Browse Items (8 total)

  • Collection: Evolution of St. Peter's Basilica

Three-Bay Nave

Barrel-vaulted with arches lead to a number of side chapels. The nave and vault are slightly wider and higher than the original arms. Arches and paired Corinthian pilasters line the nave and guide the visitor to St. Peter’s tomb in the center, under…

Old St. Peter's

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Built by Constantine the Great in 322 and completed in 337, the church is over 350 feet long, with a roof over 100 feet high at the center and a central nave flanked by two aisles on each side.

Bramante's Plan for St. Peter's Basilica

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Donato Bramante provided advice and forwarded plans to Pope Julius II regarding the new St. Peter's Basilica. It was decided that the entire basilica would be rebuilt on a Greek cross deisgn inscribed in a square and surmounted by a large dome,…

Piazza & Colonnade

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Piazza in front of St. Peter's Basilica: two arcades forming short ends of an elliptical shape created by the intersection of two circles, centered around the Vatican Obelisk.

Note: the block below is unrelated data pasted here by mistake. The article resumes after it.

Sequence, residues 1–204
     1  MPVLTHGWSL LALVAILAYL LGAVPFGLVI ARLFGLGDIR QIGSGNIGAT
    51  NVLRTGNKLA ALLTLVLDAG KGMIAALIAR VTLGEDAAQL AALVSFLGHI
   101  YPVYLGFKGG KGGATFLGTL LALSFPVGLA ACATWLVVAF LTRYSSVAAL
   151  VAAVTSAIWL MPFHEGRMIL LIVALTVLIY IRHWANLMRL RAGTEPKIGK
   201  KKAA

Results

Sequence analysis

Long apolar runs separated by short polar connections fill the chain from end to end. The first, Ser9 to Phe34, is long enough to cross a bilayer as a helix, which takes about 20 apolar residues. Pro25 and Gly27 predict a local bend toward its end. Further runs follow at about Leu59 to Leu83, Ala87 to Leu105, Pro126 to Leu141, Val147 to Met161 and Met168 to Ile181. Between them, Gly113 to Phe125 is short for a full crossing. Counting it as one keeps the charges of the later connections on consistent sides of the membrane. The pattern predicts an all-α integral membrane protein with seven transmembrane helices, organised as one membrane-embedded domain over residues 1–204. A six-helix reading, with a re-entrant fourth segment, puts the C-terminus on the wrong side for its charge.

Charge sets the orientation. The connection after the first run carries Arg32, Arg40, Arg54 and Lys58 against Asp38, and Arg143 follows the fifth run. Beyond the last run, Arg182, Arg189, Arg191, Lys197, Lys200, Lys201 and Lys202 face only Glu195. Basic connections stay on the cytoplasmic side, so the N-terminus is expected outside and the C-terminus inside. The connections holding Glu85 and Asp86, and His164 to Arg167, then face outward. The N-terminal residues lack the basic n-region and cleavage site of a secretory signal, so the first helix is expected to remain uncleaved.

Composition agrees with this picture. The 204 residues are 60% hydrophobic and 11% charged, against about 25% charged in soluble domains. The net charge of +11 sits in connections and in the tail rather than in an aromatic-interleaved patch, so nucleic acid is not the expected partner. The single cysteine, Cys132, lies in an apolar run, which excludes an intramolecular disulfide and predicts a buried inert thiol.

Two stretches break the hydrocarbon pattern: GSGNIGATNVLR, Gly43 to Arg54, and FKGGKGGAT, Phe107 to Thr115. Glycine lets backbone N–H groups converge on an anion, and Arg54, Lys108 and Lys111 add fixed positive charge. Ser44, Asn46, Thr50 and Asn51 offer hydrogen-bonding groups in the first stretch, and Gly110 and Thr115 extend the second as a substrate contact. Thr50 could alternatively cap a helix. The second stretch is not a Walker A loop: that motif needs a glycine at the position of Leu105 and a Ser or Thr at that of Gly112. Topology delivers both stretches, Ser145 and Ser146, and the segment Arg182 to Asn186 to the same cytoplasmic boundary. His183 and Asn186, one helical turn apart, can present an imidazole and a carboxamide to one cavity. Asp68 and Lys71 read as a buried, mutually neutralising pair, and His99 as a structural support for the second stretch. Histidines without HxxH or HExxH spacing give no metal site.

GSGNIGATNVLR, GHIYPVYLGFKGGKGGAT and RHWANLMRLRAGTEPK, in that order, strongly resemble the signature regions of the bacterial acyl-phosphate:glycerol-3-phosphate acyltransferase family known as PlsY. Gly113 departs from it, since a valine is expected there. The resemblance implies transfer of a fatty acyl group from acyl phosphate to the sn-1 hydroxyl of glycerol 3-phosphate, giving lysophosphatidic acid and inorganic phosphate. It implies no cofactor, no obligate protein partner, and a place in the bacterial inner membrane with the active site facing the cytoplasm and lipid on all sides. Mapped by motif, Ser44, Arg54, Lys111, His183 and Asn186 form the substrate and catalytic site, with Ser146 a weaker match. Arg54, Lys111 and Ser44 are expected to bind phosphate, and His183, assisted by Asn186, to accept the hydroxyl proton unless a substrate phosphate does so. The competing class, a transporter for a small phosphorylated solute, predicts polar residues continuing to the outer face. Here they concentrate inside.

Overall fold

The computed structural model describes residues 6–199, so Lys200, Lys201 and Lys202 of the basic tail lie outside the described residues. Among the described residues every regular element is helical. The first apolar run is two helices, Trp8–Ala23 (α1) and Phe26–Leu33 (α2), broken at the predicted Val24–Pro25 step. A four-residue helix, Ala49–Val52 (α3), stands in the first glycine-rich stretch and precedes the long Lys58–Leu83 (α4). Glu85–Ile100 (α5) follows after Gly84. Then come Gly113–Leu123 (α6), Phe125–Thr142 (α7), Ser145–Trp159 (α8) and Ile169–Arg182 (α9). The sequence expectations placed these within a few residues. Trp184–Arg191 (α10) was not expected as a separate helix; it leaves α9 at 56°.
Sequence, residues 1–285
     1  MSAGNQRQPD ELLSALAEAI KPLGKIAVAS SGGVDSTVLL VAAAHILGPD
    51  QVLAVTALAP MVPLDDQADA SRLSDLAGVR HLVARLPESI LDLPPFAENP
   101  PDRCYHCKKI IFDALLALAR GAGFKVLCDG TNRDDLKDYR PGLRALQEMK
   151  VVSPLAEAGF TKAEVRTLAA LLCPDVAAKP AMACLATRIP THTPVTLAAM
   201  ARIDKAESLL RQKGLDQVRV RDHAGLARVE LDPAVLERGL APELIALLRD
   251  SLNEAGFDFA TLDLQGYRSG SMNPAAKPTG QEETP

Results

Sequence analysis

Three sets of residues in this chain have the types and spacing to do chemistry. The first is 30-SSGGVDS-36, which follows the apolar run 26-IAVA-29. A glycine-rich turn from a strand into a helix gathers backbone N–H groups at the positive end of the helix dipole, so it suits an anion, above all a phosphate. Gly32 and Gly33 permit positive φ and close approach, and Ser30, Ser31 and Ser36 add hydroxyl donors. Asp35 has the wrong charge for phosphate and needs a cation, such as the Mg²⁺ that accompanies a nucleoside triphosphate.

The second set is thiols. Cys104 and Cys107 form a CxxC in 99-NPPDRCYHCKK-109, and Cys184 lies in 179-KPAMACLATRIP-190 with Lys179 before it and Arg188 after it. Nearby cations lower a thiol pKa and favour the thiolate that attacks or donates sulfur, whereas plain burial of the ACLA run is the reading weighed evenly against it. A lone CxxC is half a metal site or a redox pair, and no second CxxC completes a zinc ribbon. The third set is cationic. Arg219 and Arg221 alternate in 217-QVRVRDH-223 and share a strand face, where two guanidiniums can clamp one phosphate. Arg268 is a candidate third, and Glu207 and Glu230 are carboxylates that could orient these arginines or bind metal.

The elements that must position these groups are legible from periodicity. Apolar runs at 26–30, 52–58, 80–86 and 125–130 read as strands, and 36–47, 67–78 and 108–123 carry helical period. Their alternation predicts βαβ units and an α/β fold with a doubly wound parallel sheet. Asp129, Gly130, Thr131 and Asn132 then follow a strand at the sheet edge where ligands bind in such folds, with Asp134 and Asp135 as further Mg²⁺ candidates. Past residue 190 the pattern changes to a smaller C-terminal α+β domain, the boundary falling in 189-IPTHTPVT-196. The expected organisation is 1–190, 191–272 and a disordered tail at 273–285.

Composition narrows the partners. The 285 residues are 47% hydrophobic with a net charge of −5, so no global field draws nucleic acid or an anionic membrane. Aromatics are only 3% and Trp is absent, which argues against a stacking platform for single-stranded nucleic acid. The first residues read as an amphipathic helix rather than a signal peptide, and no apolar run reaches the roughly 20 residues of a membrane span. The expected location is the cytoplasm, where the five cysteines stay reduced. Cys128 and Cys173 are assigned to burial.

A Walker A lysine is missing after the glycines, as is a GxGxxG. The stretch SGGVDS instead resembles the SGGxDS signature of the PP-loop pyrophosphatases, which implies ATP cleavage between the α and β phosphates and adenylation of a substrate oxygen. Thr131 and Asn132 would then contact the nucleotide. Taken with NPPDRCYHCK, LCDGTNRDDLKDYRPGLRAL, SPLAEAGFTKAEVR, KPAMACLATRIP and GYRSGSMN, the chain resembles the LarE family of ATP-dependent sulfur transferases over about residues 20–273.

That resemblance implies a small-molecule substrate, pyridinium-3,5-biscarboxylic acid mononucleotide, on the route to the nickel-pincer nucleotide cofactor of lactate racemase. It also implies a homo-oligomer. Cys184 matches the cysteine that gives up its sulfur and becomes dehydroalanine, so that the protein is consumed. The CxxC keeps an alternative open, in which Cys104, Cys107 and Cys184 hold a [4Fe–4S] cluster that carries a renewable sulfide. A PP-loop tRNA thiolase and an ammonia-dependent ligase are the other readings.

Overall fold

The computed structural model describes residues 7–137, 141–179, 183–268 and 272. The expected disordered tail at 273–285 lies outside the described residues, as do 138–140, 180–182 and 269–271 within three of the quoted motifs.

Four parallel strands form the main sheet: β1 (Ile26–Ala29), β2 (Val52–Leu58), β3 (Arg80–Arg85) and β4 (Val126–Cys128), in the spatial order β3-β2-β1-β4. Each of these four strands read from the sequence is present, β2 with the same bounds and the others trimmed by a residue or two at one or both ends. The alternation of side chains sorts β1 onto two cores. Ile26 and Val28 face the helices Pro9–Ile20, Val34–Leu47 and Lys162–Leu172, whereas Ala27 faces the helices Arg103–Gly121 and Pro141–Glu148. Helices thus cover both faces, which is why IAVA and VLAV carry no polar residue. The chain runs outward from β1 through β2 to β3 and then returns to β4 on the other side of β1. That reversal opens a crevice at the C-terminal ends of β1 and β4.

Vatican Obelisk

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The movement of the ancient obelisk to in front of St. Peter's basilica was considered an engineering feat whose success helped the Church assert its superiority and glory in the face of the Reformation movement.

Antonio da Sangallo's plan

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Sangallo's plan presented a major cross and four lesser crosses, all surrounded by domes. His plan was a compromise between a Greek and a Latin cross. Three ends of the cross became apses. Bell towers at the ends of the facade rose to the same height…

Alberti's Plan

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Commissioned by Pope Nicholas V in 1450, Alberti’s plan was remake the city of Rome, with Saint Peter's at the center. With the nave left intact, the other three arms would be rebuilt, of equal lengths, and a dome would cover the crossing. Wanting to…